Aryans from Persia and other cultures might have diffused languages such as Hindi to South Asia, which later may have led to Hindi, for example, becoming the lingua franca of the region. The northern plains of South Asia, which extend through the Ganges River valley over to the Indus River valley of present-day Pakistan, were fertile grounds for a number of empires that controlled the region throughout history.

Most of this Iron Age culture is defined by the presence of iron metallurgy and distinctive characteristics of ceramics. The Mauryan Empire existed between and BCE and was one of the most extensive and powerful political and military empires in ancient India. This empire created a single and efficient system of finance, administration, and security. One of the greatest emperors in the Mauryan dynasty was Ashoka the Great, who ruled over a long period of peace and prosperity.

Ashoka embraced Buddhism and focused on peace for much of his rule. He created hospitals and schools and renovated major road systems throughout the empire.

Geography of Pakistan

Pakistan is divided into six major physical divisions. The western most parts of the Himalayas fall in Pakistan. The sub-Himalayas — the southernmost ranges — do not rise to great heights — Metres above sea level. The Lesser Himalayas lie to the north of the sub-Himalayas and rise to 1, — 4, They attain snowy heights of more than 4, m. The Karakoram Ranges in the extreme north rise to an average height of 6, m.

Joint Editor. Manager. All communications to beaddressed to the Manager, Pakistan Geographical Review, Of the three, Geography occupies the central position, of temperature and rainfall and their seasonal characteristics. 1 He chose.

Chapter 9: South Asia

Its physical landscapes, political units, and ethnic groups are both wide-ranging and many. South Asia extends south from the main part of the continent to the Indian Ocean. The western boundary is the desert region where Pakistan shares a border with Iran. Hinduism, Islam, and Buddhism are the top three religions of South Asia. While Pakistan and Iran are both Islamic republics, each represents a significant branch of that faith; Iran is predominantly Shia, and Pakistan is mostly Sunni.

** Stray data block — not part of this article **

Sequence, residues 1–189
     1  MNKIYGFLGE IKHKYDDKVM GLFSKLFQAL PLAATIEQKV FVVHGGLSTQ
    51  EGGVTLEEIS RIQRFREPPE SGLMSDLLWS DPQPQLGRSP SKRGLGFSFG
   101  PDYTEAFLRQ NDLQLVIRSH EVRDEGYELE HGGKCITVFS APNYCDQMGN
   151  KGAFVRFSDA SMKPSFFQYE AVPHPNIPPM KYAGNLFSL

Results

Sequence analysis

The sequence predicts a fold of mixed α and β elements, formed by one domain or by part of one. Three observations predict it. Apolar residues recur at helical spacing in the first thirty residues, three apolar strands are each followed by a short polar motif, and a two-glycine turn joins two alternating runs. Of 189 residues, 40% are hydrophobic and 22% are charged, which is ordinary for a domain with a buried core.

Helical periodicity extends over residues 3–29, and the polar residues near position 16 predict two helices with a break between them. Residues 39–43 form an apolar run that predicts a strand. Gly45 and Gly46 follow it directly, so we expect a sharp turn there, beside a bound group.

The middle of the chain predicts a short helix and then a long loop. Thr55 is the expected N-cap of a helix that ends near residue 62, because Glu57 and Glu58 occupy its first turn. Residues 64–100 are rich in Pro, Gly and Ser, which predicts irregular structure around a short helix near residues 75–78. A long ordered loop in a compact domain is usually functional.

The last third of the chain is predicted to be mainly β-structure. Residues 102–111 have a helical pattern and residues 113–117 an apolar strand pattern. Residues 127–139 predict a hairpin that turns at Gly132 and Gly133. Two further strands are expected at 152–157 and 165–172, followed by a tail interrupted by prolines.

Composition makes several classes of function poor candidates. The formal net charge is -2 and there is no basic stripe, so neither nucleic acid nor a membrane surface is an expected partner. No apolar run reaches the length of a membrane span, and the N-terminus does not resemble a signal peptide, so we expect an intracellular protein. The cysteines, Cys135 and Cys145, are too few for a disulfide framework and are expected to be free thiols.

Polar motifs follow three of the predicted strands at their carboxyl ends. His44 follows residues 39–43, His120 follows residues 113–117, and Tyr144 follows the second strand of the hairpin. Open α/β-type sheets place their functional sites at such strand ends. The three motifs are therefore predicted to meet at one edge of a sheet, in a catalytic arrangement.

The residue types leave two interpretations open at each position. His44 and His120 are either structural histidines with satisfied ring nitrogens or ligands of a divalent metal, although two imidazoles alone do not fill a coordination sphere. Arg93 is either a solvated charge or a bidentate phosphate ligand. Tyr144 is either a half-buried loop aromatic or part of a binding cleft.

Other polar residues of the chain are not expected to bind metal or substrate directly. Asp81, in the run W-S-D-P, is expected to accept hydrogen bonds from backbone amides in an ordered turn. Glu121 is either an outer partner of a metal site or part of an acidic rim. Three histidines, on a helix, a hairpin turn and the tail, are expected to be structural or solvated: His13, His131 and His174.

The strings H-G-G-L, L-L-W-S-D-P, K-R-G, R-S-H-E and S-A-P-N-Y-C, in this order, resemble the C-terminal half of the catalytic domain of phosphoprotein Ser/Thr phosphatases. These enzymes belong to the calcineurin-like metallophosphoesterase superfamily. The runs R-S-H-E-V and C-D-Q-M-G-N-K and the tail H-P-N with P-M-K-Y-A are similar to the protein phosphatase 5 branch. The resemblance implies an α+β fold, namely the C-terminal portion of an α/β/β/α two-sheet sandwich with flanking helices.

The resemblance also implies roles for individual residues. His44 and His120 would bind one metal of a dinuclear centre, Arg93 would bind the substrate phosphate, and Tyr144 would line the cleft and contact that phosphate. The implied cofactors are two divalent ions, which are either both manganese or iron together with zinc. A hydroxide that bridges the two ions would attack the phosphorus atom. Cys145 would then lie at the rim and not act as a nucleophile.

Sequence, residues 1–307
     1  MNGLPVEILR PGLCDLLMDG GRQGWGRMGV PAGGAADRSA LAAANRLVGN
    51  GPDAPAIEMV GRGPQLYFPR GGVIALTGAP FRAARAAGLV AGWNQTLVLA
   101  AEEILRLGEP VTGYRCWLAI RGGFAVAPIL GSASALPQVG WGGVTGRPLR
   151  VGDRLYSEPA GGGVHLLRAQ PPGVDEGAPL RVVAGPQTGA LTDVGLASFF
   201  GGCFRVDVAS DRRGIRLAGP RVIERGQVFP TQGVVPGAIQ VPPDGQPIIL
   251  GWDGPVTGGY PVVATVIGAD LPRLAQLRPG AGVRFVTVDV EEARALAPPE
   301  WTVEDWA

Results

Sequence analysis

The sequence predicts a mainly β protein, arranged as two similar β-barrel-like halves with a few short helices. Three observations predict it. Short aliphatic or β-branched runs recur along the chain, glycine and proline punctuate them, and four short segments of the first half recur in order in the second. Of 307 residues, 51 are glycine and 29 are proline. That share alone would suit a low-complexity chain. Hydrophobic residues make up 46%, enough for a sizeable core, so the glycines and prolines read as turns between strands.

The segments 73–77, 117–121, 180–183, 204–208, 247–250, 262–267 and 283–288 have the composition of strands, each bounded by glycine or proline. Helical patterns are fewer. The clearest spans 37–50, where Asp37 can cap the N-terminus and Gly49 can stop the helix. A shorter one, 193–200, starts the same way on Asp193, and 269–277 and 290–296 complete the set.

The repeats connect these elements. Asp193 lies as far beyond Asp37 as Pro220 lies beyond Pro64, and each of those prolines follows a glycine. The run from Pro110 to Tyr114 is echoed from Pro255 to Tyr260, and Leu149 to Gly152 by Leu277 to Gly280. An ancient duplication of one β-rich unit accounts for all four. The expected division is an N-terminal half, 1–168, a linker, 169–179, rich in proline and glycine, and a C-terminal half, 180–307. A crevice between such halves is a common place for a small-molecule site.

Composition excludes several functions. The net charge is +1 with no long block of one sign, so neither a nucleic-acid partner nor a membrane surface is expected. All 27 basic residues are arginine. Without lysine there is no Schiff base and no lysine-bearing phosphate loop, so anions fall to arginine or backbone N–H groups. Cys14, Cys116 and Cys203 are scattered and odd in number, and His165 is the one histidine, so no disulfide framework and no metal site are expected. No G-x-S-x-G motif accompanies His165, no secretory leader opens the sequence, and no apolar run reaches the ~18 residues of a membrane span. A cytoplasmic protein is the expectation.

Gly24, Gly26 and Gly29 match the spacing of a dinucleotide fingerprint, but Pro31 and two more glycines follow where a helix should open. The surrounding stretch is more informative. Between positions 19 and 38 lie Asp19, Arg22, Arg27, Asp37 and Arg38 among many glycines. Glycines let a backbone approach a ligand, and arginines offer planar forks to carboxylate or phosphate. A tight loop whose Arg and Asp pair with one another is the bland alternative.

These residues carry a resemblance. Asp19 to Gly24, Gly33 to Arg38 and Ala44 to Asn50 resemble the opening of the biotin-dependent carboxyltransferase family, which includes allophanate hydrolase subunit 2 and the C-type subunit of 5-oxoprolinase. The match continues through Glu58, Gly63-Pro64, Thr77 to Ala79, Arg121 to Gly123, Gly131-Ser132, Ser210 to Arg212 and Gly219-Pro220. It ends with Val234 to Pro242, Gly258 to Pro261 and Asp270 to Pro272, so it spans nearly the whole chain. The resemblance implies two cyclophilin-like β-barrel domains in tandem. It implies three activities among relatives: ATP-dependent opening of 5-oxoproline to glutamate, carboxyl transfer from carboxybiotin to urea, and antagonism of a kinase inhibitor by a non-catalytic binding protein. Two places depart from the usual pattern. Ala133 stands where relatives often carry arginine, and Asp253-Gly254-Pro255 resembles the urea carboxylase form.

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Pakistan , populous and multiethnic country of South Asia. Having a predominately Indo-Iranian speaking population, Pakistan has historically and culturally been associated with its neighbours Iran , Afghanistan , and India. Since Pakistan and India achieved independence in , Pakistan has been distinguished from its larger southeastern neighbour by its overwhelmingly Muslim population as opposed to the predominance of Hindus in India.

Pakistan Map with Cities, Roads, and Rivers

Pakistan geologically overlaps both with the Indian and the Eurasian tectonic plates where its Sindh and Punjab provinces lie on the north-western corner of the Indian plate while Balochistan and most of the Khyber Pakhtunkhwa lie within the Eurasian plate which mainly comprises the Iranian Plateau. Gilgit-Baltistan and Azad Kashmir lie along the edge of the Indian plate and are prone to violent earthquakes where the two tectonic plates collide. Pakistan is bordered by India to the east, Afghanistan to the northwest and Iran to the west while China borders the country in the northeast. The nation is geopolitically placed within some of the most controversial regional boundaries which share disputes and have many-a-times escalated military tensions between the nations, e. A narrow strip of Afghanistan territory called the Wakhan Corridor extends between Pakistan and Tajikistan. It carries on south-eastward and ends near the Karakoram Pass.

Pakistan Map and Satellite Image